Creative Thinking with Yarn

  • January 28, 2016
  • Bilingual Therapies

creative_speech_therapy_ideas_yarn_sewingGrab a skein of yarn and put on your thinking cap. What could you do with this simple item within your sessions to get students motivated and working toward their goals? Think outside of the box and don’t be afraid to try something different. Even if it doesn’t work perfectly the first time, you can tweak it again to make it work next time around. 

Move around with a yarn obstacle course

Find a hallway or long area of a room to make a yarn maze. Older children may enjoy this if you call it a laser maze. Twist the yarn and connect it around the wall at different heights and locations to make it a challenge for different age kids to use. This should be done ahead of time because it will take a while to secure so it will not pop off once the kids are moving around within it. When you begin with younger children, have them talk their way around it. Use descriptive words to explain how you need to move your body through the yarn. For an added twist, if they touch the yarn when they move through it, have a required penalty. For those working on articulation, do something with that skill, or whatever the individuals need practice with. As kids get more comfortable, older students may enjoy trying it with a blindfold on. Pair up with another person and they will use their words to help their partner through with only words.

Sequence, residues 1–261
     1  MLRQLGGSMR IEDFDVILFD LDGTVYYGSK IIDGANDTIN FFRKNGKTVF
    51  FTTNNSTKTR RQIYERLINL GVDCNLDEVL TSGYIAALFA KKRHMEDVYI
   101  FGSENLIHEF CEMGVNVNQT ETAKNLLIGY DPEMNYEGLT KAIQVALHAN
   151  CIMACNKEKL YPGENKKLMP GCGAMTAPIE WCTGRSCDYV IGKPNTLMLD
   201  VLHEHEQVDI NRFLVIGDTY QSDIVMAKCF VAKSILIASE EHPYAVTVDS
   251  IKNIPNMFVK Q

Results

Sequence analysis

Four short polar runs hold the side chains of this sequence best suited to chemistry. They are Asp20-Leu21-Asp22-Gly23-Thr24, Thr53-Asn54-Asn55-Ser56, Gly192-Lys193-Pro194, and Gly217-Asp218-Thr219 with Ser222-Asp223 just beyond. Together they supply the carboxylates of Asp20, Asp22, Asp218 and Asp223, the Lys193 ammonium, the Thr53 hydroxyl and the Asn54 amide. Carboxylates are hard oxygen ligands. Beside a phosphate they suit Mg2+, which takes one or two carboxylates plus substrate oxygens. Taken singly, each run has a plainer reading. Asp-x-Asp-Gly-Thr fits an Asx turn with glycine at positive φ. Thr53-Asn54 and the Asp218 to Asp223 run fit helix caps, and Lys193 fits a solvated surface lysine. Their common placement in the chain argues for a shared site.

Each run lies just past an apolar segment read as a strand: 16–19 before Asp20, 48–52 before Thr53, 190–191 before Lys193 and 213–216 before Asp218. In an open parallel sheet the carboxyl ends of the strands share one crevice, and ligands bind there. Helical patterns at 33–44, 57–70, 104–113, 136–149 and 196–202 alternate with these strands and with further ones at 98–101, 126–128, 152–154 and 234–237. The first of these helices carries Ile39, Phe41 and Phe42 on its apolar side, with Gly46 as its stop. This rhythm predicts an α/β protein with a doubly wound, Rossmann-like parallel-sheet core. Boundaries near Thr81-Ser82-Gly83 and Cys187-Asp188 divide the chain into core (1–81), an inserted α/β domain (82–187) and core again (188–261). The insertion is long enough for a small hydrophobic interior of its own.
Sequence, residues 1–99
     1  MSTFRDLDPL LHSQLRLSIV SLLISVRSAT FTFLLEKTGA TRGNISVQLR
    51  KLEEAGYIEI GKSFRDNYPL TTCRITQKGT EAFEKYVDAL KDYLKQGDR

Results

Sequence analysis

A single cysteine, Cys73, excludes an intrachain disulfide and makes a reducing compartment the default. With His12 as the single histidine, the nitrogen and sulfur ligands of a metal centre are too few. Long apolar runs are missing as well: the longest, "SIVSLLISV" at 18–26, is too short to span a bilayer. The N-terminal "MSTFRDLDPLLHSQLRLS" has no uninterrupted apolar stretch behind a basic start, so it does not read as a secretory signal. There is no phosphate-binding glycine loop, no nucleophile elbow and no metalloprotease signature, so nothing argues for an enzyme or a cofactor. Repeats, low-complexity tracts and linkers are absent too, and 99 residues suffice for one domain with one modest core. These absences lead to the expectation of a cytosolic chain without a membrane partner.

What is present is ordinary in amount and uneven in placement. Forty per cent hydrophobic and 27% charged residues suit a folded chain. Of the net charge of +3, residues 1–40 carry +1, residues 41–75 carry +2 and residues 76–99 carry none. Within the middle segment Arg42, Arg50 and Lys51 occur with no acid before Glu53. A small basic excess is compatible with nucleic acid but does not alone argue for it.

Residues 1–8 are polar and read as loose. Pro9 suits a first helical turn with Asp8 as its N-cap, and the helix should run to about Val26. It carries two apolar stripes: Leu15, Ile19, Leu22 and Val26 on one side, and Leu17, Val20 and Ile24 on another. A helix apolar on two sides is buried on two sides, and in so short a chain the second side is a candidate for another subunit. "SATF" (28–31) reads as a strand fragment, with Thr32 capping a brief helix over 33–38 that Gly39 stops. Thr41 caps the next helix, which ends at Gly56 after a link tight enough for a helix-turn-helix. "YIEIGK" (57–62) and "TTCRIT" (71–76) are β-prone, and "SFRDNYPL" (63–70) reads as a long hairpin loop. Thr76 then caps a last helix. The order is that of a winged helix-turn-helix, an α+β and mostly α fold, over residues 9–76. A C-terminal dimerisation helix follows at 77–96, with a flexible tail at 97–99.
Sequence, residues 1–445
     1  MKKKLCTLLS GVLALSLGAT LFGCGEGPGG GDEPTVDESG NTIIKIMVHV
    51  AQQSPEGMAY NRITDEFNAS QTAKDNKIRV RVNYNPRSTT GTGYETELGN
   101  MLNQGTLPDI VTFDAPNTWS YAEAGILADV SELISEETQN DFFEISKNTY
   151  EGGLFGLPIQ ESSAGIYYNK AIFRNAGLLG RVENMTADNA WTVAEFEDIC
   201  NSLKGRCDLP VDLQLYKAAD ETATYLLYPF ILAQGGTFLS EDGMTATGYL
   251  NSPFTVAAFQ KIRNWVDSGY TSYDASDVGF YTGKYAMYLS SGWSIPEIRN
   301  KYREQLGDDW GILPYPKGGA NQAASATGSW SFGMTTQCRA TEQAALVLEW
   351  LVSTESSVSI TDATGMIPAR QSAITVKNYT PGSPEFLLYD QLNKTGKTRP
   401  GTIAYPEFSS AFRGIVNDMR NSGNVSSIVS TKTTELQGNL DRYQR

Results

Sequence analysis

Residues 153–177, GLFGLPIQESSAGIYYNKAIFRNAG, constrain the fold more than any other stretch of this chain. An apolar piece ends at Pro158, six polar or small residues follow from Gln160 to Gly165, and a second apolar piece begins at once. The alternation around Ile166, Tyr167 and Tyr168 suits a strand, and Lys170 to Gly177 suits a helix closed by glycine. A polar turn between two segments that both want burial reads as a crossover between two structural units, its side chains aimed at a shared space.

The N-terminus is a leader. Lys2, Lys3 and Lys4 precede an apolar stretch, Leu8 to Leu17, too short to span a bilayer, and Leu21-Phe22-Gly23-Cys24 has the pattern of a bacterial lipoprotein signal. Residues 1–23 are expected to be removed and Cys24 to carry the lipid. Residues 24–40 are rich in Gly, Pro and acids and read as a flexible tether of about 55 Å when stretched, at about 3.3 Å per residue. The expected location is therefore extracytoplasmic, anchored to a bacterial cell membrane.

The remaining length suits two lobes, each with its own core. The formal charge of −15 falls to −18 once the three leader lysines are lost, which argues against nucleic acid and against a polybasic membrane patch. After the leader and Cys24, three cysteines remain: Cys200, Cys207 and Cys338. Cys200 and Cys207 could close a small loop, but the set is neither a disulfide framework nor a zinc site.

Yarn mystery trail

It’s always fun to follow a trail that moves all around in different directions. You can use yarn to make a yarn trail moving all around your room from point A to B. To make this activity more fun, tie notes onto the yarn trail as it maneuvers around. Put a question, practice skill, or something silly and fun for the kids to act out. While wandering around the yarn trail, ask questions about their travel. Have they moved left or right, do older children know if it was north, south, east, or west? At the final destination, have a fun final activity for the entire group to do together. For smaller spaces, make a web on a giant table top that allows them to do the same thing. This will work on descriptive skills and fine motor movement at the same time.

The best part of either of these is you will be able to send home instructions to all multilingual families on how to try this at home for more fun practice. If you have extra yarn, send home a small ball to help them to get started in the interactive fun.


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